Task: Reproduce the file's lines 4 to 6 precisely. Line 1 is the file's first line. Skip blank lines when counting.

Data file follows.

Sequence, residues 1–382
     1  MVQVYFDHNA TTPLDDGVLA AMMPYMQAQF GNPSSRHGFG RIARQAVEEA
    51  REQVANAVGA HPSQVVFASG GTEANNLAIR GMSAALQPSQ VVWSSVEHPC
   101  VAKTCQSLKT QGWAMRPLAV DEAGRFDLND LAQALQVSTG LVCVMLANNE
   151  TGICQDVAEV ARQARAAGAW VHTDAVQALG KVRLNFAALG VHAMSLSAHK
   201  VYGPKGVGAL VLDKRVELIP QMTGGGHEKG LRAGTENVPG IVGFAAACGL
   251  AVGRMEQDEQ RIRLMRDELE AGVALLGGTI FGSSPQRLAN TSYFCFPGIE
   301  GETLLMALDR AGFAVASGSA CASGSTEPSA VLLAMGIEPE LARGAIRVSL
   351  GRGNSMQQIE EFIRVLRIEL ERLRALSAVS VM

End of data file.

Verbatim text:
   101  VAKTCQSLKT QGWAMRPLAV DEAGRFDLND LAQALQVSTG LVCVMLANNE
   151  TGICQDVAEV ARQARAAGAW VHTDAVQALG KVRLNFAALG VHAMSLSAHK
   201  VYGPKGVGAL VLDKRVELIP QMTGGGHEKG LRAGTENVPG IVGFAAACGL